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July 2020

Cannabis Legalization Linked with Driving Fatalities

New evidence shows that cannabis legalization may be linked with driving fatalities. As more and more states legalize recreational cannabis, healthcare providers must continue to counsel patients about the effects of cannabis on reaction time and coordination.

Using different methodologies, two new studies evaluated changes in driving fatality rates by state since retail sales began. One study looked at Colorado and Washington, the first two states to legalize recreational cannabis. It found that an additional 75 deaths annually were linked to cannabis legalization in Colorado, but not in Washington. The second study reviewed data from four states, adding Oregon and Alaska to the first two. In this study, cannabis legalization was linked to increased fatalities. The authors projected an additional 6,800 deaths each year if legalization occurred nationwide.

Unfortunately, due to the inability to accurately assess driver impairment and cannabis use in real time, it is difficult to determine the direct correlation between cannabis legalization and driving fatalities. Currently, most roadside tests for cannabis use are based on officer observation – as of now, there isn’t a cannabis breathalyzer. Cannabis is stored in fat and remains in the body for a long time, so testing someone’s blood or urine cannot accurately pinpoint if they were high while driving. Therefore, neither of these new studies could definitively confirm that cannabis use specifically played a role in each driving fatality, nor could they control for other factors that might affect fatality rates, such as the use of other impairing substances. And there’s some evidence that cannabis availability, prevalence of use, and common routes of administration vary by state, which could impact these findings.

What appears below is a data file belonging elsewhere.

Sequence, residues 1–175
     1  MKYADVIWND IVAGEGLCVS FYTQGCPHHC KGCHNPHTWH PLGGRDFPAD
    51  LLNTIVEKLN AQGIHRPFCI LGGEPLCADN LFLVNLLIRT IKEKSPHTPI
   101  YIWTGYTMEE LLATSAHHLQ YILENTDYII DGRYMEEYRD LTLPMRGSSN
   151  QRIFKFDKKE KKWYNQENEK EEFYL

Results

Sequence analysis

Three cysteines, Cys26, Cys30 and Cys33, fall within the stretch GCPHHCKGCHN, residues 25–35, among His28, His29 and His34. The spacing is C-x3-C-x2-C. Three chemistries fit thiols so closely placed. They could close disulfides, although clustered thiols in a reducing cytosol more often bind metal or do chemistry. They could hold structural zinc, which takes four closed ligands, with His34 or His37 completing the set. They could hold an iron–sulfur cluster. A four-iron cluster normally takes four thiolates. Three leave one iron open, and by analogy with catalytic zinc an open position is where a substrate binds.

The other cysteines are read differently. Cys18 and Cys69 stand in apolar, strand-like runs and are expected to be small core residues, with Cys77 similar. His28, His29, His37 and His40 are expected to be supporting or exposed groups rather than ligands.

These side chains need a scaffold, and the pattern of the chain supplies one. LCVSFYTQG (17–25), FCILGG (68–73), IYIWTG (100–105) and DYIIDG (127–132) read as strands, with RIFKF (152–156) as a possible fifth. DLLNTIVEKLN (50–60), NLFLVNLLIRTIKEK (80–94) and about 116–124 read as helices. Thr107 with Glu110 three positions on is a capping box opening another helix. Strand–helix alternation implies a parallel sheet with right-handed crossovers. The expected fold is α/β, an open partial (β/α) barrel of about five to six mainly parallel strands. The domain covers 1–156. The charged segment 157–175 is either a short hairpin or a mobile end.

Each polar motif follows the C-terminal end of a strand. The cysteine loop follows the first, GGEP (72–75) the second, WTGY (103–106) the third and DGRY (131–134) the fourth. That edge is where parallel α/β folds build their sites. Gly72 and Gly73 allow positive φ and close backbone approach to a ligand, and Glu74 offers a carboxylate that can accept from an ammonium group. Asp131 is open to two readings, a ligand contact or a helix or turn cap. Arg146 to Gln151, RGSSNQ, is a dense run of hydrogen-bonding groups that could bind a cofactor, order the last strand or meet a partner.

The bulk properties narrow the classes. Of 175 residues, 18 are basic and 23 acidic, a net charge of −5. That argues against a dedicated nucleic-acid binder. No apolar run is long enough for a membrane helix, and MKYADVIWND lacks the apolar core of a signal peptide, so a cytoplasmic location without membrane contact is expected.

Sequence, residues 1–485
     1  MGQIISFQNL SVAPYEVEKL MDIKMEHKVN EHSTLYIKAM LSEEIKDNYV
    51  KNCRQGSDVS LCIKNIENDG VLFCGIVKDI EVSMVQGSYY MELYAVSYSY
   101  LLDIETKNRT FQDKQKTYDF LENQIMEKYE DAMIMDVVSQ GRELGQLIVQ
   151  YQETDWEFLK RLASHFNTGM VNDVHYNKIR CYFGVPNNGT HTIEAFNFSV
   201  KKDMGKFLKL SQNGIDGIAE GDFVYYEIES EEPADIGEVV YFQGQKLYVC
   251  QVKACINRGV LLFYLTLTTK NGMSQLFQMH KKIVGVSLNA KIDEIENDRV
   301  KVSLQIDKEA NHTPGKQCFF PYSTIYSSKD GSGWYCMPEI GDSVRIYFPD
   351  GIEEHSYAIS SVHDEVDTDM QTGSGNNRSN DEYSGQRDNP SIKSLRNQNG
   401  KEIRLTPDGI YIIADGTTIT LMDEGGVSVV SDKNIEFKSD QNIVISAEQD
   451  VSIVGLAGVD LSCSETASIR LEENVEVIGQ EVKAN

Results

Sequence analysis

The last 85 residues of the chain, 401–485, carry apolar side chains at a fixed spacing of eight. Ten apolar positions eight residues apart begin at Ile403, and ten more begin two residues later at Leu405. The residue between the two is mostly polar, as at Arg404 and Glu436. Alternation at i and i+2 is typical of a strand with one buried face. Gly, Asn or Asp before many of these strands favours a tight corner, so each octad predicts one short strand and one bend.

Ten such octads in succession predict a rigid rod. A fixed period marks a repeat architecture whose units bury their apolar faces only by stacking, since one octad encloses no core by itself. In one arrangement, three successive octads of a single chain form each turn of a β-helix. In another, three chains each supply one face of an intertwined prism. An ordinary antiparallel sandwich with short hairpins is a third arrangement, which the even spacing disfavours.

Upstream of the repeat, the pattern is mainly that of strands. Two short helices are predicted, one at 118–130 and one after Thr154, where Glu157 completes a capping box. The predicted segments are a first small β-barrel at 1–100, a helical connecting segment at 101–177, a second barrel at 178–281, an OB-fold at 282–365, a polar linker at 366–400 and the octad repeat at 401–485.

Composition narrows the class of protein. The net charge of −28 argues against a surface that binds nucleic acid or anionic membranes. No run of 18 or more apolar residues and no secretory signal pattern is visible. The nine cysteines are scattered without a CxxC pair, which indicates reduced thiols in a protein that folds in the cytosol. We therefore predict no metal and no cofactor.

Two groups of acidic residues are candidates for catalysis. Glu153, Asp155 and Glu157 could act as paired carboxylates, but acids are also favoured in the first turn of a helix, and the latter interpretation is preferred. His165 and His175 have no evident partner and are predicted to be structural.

As more data is collected, and testing methods improve, public policy and guidelines will be easier to establish and enforce. For now, patients should be reminded that driving under the influence of any substance, regardless of legal status, puts both themselves and everyone around them at risk.

Learn more about cannabis, including other potential side effects, in our Medical Cannabis and Cannabinoids CE. Also review our monographs on Cannabinoids and Cannabinoid-Containing Ingredients to learn more about what effects other ingredients in this class might have.

The information in this brief report is intended for informational purposes only, and is meant to help users better understand health concerns. This information should not be interpreted as specific medical advice. Users should consult with a qualified healthcare provider for specific questions regarding therapies, diagnosis and/or health conditions, prior to making therapeutic decisions. Copyright © 2020 Natural Medicines Inc. Commercial distribution or reproduction prohibited. Natural Medicines is the leading provider of high-quality, evidence-based, clinically-relevant information on natural medicine, dietary supplements, herbs, vitamins, minerals, functional foods, diets, complementary practices, CAM modalities, exercises and medical conditions. Monograph sections include interactions with herbs, drugs, foods and labs, contraindications, depletions, dosing, toxicology, adverse effects, pregnancy and lactation data, synonyms, safety and effectiveness.